En EspaŅol
Share

Ask Mr. Smarty Plants

Mr. Smarty Plants - Identification of plants emerging from "wildflower mix" of seeds

Ask Mr. Smarty Plants is a free service provided by the staff and volunteers at the Lady Bird Johnson Wildflower Center.

Search Smarty Plants
    
 
See a list of all Smarty Plants questions
Can't find the answer in our existing FAQs, submit a question to Mr. Smarty Plants.

Need help with plant identification, visit the plant identification page.
 
rate this answer
Not Yet Rated

Tuesday - January 02, 2007

From: Austin, TX
Region: Southwest
Topic: Plant Identification
Title: Identification of plants emerging from "wildflower mix" of seeds
Answered by: Nan Hampton

QUESTION:

I planted a "wildflower mix" a couple months ago, and now I have a bunch of plants growing that I'm not sure what they are. Some of them are starting to make buds, and I've been looking on the internet to see what blooms this month, but nothing seems to lead anywhere. Do you know what the common seeds are in a Central Texas wildflower mix? Or what wildflowers would probably be blooming right now based on the current climate situation?

ANSWER:

Well, since I don't know where you got your wildflower mix, I can't tell you for sure what is in it. However, Native American Seed in Junction sells several wildflower mixes and you can see what they have in their Native Texas Mix, their Plant-in-Spring or Fall - All Perennial Mix, their Native Trail Mix, their Commanche Mix or any of their other wildflower mixes. You will see that several species occur in more than one of the mixes (e.g., Plains Coreopsis, Greenthread, Missouri Primrose, Indian Blanket, Texas Bluebonnet). One of the earliest bloomers in the various lists is Greenthread (Thelosperma filifolium) which often begins blooming in late February in Austin. Depending on the weather conditions, other flowers, such as the Texas Bluebonnet (Lupinus texensis) and the Pink Evening-Primrose (Oenothera speciosa) can also begin blooming well before their average March or April bloom time.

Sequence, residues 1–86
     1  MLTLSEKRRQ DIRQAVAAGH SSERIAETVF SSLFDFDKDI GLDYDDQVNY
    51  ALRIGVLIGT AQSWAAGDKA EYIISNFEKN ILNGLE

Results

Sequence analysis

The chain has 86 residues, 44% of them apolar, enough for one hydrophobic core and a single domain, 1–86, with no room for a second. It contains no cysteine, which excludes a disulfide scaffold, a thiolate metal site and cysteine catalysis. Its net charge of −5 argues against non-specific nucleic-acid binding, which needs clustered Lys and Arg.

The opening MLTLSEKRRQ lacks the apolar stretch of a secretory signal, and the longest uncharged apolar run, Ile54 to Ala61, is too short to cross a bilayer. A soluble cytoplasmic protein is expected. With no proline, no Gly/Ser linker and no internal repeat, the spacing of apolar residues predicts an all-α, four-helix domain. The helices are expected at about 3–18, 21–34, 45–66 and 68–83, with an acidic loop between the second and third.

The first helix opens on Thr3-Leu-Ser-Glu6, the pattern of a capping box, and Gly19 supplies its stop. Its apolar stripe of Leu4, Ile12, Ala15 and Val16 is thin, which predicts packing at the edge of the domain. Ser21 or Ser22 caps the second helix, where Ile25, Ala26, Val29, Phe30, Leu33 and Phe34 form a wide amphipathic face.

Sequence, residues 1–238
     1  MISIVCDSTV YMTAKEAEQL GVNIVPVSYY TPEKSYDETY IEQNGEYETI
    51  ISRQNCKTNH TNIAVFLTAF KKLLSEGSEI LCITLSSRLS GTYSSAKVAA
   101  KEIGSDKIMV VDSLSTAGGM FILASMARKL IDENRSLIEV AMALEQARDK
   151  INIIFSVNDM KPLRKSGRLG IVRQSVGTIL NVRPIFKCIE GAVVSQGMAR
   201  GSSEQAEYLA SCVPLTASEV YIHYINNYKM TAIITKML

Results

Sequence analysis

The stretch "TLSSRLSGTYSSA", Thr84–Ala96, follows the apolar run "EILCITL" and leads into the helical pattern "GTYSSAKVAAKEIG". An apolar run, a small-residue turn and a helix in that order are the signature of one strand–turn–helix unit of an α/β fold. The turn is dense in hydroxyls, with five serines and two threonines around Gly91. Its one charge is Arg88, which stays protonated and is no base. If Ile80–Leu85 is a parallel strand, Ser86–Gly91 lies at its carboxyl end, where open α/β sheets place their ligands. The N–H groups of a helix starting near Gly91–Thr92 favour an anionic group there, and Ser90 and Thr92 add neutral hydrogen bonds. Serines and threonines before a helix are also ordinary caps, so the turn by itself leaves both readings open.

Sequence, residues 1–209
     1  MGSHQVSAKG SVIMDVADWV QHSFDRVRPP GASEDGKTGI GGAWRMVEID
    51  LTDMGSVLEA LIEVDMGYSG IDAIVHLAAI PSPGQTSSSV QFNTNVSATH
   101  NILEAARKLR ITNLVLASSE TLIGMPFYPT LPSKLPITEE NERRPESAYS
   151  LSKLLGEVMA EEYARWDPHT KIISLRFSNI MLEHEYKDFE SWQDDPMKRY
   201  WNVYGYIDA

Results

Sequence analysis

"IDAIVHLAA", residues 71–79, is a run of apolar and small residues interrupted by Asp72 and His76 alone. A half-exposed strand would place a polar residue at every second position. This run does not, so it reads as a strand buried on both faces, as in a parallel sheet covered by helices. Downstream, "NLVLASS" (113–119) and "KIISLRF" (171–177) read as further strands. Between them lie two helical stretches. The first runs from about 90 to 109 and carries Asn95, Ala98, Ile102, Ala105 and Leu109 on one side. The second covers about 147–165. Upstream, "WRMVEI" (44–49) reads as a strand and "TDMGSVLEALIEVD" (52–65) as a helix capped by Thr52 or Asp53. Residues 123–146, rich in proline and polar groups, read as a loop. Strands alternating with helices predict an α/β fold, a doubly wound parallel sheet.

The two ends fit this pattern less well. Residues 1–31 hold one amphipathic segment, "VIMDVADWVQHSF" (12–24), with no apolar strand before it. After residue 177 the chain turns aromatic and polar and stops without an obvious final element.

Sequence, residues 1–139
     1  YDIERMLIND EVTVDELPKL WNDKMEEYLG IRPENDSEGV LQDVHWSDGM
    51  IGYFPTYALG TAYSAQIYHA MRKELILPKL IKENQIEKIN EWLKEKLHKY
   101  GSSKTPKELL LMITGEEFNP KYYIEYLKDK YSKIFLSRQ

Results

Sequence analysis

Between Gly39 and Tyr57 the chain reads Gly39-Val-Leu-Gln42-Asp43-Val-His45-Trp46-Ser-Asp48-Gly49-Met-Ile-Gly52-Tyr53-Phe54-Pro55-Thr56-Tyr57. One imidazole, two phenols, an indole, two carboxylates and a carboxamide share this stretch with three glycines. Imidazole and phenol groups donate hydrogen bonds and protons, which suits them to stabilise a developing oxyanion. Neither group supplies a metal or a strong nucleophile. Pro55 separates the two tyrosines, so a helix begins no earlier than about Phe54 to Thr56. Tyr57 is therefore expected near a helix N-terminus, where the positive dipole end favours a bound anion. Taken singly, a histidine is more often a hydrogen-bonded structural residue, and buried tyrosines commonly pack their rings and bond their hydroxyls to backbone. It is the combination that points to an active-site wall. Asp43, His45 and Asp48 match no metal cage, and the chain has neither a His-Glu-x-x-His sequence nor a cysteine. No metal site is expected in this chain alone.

If you would like to send us a digital photograph (see instructions under Plant Identification) of the plants and their buds, it is possible that we could identify your flowers that are about to bloom—or you could wait for the blossoms to appear and be surprised and delighted with your new wildflowers.

 

More Plant Identification Questions

Plant ID from Chicago
August 18, 2010 - When I was hiking in Portland, OR, my friend had me eat a leaf off of a trail-side plant. It tasted very much like sour apple, it was delicious. It has average-sized green leaves and in July it had no...
view the full question and answer

How common is white blooming Mountain Laurel
April 01, 2003 - Is white blooming Mountain Laurel common?
view the full question and answer

Plant identifcation
October 05, 2009 - I have 3-4' high plants, spaced out thick red-greem stalks, w/slender long dark green leaves, several round "single" light lavender colored flowers 1&1/2" in circumference continuously bloom. Butt...
view the full question and answer

Identification of bushes with red berries in Tennessee
January 31, 2012 - I was recently traveling thru Clarksville, TN and saw these bushes (at the shopping mall) that had clusters of small red berries on them. They were not a Holly that I know of. The leaves were not th...
view the full question and answer

Identification of purple wildflower shaped like a bottle rocket
June 19, 2013 - Dear Smarty Plants, the other day while driving north on 281 from San Antonio I noticed a purple wildflower that was shaped sort of like a bottle rocket, seemed to have leaves similar to verbena and ...
view the full question and answer

Smarty Plants's Facebook profile Support the Wildflower Center by Donating Online or Becoming a Member today.

Mr. Smarty Plants wants you to be his Facebook friend. Click the Facebook icon to add yourself to Mr. Smarty Plants list of friends.
E-NEWSLETTER | BECOME A MEMBER | DONATE NOW | MEDIA | SITEMAP
© 2014 Lady Bird Johnson Wildflower Center